Conference of Presidents steps up support for Pollard

"From the organizations that spoke at that meeting, there was more support for Jonathan than I have ever seen in the American Jewish community," said Seymour Reich, a past chairman of the group.

The executive vice chairman of the organization, Malcolm Hoenlein, said that by the end of last week, a letter would be sent to Clinton making the "strongest possible humanitarian plea on behalf of Jonathan Pollard."

There had been indications from the White House in the past that the president would not act unless there was the right "political climate." To help create it, said Hoenlein, the group's 55 member organizations were being asked to get their members and organizations to mount a letter-writing campaign to Clinton urging Pollard's release.

"Out of the meeting came the proposal for a broader effort because there has not been that kind of widespread public concern expressed lately," said Hoenlein. "Participants at the meeting said this would show the president the depth of the concern [in the community]."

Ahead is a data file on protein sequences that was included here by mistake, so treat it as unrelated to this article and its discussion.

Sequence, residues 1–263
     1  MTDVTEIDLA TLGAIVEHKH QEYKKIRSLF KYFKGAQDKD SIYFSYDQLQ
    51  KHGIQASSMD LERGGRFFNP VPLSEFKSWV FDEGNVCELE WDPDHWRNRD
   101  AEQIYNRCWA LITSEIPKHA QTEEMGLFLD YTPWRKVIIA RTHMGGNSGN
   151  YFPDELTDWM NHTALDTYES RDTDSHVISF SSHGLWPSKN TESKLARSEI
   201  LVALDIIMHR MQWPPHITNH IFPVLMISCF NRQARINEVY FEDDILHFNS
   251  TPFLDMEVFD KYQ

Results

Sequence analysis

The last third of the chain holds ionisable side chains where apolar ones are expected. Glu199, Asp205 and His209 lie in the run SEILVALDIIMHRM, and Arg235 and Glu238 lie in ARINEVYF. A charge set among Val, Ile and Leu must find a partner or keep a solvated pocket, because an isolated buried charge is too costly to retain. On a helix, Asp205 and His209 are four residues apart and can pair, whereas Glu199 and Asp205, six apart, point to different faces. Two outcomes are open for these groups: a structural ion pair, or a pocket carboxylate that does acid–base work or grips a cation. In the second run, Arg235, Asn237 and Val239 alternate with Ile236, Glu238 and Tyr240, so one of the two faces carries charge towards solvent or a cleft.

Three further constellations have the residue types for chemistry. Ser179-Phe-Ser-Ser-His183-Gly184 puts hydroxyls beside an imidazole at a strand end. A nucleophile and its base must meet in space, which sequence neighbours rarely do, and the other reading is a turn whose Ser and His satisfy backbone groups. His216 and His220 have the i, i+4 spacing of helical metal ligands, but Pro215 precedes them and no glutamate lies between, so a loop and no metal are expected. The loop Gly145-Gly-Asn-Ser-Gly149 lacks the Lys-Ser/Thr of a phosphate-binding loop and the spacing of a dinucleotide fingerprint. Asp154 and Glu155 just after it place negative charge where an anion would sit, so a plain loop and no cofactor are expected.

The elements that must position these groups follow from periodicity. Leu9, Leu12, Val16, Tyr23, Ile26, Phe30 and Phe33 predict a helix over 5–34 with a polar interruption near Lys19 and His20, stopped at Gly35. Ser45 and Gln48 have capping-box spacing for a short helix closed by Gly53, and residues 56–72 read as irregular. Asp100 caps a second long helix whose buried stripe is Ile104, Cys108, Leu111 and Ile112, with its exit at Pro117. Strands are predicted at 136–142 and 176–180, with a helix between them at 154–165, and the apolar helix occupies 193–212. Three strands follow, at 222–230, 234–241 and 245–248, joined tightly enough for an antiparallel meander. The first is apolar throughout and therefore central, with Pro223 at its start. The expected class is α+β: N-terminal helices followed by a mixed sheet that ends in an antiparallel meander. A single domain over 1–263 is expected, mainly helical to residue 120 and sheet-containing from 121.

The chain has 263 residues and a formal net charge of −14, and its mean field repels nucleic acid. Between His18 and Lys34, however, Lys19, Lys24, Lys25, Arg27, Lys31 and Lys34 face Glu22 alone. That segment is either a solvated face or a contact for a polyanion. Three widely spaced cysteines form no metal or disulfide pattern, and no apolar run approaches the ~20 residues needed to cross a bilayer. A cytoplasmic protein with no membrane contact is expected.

But Pollard, in a phone interview with the Jewish Week from the federal prison in Butner, N.C., said that more than 1 million letters have been written to Clinton and that he had paid them no heed.

"The White House is not oriented toward the grass roots. It is very elitist-oriented and listens to the American Jewish Committee, the American Jewish Congress and the Anti-Defamation League," said Pollard. "Those are the organizations that have been slandering me and undermining any inclination on the part of the administration to commute my sentence.

"I have been told the president will not take the Jewish community's sentiments seriously until those groups advocate in my behalf," he said.

Reminded that those groups are part of the Conference of Presidents, Pollard said the White House "wants to see the statement [of support] on their letterhead."

The Conference of Presidents has written to Clinton on Pollard's behalf in the past, and Hoenlein and then-chairman Lester Pollack visited him in prison in 1995.

The chairman of the Presidents' conference, Melvin Salberg, said the issue of Pollard was discussed at the request of several organizations. He noted that the conference was acting at a time when there has been heightened support in Israel for Pollard's release.

Last month, Israel's communications minister, Limor Livnat, visited Pollard in prison. Weeks earlier, Absorption Minister Yuli Edelstein became the first Israeli minister to visit him. Livnat brought with her letters of support from two other ministers and from Prime Minister Benjamin Netanyahu, who said he hoped "our continued efforts on your behalf will bear fruit and that you will be a free man in the near future."